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Twelfth Night; or, emhat You Will.
The plot of this admirable Comedy appears to have been taken from the second tale in a collection by Barnabe Riche, entitled, “ Rich his Farewell to the Militarie Profession,” which was first printed in 1583. It is probably borrowed from Les Histoires Tragiques de Belleforest, vol. iv. Hist. viime. Belleforest, as usual, copied Bandello. In the fifth eglog of Barnaby Googe, published with his poems in 1563, an incident somewhat similar to that of the duke sending his page to plead his cause with the lady, and the lady falling in love with the page, may be found. But Rich's narration is the more probable source, and resembles the plot more completely. It is too long for insertion here, but may be found in the late edition of Malone's Shakspeare, by Mr. Boswell.
The comic scenes, appear to have been entirely the creation of the poet, and they are worthy of his transcendent genius. It is indeed one of the most delightful of Shakspeare's comedies. Dr. Johnson thought the natural fatuity of Ague-cheek hardly fair game, but the good-nature with which his folly and his pretensions are brought forward for our amusement, by humouring his whims, are almost without a spice of satire. It is rather an attempt to give pleasure by exhibiting an exaggerated picture of his foibles, than a wish to give pain by exposing their absurdity. “ How are his weaknesses nursed and dandled by Sir Toby into something “high fantastical' when, on Sir Andrew's commendation of himself for dancing and fencing, Sir Toby answers Wherefore are these things hid? Wherefore have these gifts a curtain before them? Are they like to take dust like Mistress Mall's picture? Why dost thou not go to church in a galliard, and come home in a coranto? My very walk should be a jig! I would not so much as make water in a cinque-a pace. What dost thou
mean? Is this a world to hide virtues in? I did think by the excellent constitution of thy leg, it was framed under the star of a galliard !' How Sir Toby, Sir Andrew, and the clown chirp over their caps; how they “rouse the night-owl in a catch able to draw three souls out of one weaver!'- What can be better than Sir Toby's unanswerable answer to Malvolio : • Dost thou think, because thou art virtuous, there shall be no more cakes and ale?'
We have a friendship for Sir Toby; we patronize Sir Andrew; we have an understanding with the clown, a sneaking kindness for Maria and her rogueries; we feel a regard for Malvolio, and sympathize with his gravity, his smiles, his cross-garters, his yellow stockings, and imprisonment in the stocks. But there is something that excites in us a stronger feeling than all this, it is Viola's confession of her love.
Duke. What's her history?
Viola. A blank, my lord: She never told her love,
Duke. But died thy sister of her love, my boy?
Viola. I am all the daughters of my father's house, And all the brothers too ;--and yet I know not. “ Shakspeare alone conld describe the effect of his own poetry: “O, it came o'er my ear like the sweet south, That breathes upon a bank of violets,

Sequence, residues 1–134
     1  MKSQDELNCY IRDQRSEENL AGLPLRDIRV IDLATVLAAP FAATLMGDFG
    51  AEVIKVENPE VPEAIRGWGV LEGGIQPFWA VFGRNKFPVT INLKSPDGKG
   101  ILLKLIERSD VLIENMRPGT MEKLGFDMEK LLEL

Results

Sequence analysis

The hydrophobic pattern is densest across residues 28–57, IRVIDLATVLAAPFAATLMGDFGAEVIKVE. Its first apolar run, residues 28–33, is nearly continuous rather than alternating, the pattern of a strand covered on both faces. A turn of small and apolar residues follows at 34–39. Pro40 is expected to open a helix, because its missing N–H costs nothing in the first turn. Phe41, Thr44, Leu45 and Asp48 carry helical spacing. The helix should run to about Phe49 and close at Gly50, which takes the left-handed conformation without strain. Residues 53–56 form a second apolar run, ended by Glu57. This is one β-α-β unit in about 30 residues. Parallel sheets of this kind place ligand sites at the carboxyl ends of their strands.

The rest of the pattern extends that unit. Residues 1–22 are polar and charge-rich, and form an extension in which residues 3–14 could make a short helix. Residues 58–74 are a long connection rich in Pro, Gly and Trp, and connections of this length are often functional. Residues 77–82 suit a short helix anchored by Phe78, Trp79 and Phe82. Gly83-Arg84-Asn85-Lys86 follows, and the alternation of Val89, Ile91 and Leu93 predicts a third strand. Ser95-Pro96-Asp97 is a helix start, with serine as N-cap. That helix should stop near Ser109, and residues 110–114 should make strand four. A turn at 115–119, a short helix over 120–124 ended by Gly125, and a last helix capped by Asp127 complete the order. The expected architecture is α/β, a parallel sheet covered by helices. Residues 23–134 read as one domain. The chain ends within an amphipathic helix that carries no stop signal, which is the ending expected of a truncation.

Stealing, and giving odour.” “What we so much admire here is not the image of Patience on a monument, which has been so generally quoted, but the lines before and after it, “ They give a very echo to the seat where love is throned.” How long ago it is since we first learnt to repeat them; and still they vibrate on the heart like the sounds which the passing wind draws from the trembling strings of a harp left on some desert shore! There are other passages of not less impassioned sweetness. Such is Olivia's address to Sebastian, whom she supposed to have already deceived her in a promise of marriage.
* Blame not this haste of mine :-
“ One of the most beautiful of Shakspeare's Songs occurs in this play with a preface of his own to it.
• Duke. O fellow, come, the song we had last night:
Like the old age. “ After reading other parts of this play, and particularly the garden scene where Malvolio picks up the letter, if we were to say that Shakspeare's genius for comedy was less than his genius for tragedy, it would perhaps only prove that our own taste in such matters is more saturnine than mercurial"."
1 Hazlitt's Characters of Shakspeare's Plays, p. 256.
Orsino, Duke of Illyria.
'Gentlemen attending on the Duke.
Lords, Priests, Sailors, Officers, Musicians, and other
SCENE, a City in Illyria; and the Sea Coast near it.
WHAT YOU WILL.
SCENE I. An Apartment in the Duke's Palace. Enter DUKE, CURIO, Lords ; Musicians attending.
Duke. Ip musick be the food of love, play on, Give me excess of it; that, surfeiting, The appetite may sicken, and so die. That strain again ;- it had a dying fall: 0, it came o'er my ear like the sweet south", That breathes upon a bank of violets, Stealing, and giving odour?.—Enough; no more;
1 The old copies read sound, the emendation is Pope's. Rowe had changed it to wind. In Sidney's Arcadia, 1590, we have 'more sweet than a gentle south-west wind which comes creeping over flowery fields.'°
2 Milton has very successfully introduced the same image in Paradise Lost:
- Now gentle gales,
Those balmy spoils.' Shakspeare, in his Ninty-ninth Sonnet, has made the violet the thief.
• The forward violet thus did I chide : Sweet thief, whence didst thou steal thy sweet that smells, If not from my love's breath.' Pope, in his Ode on St. Cecilia's Day; and Thomson, in his Spring, have availed themselves of the epithet a dying fall.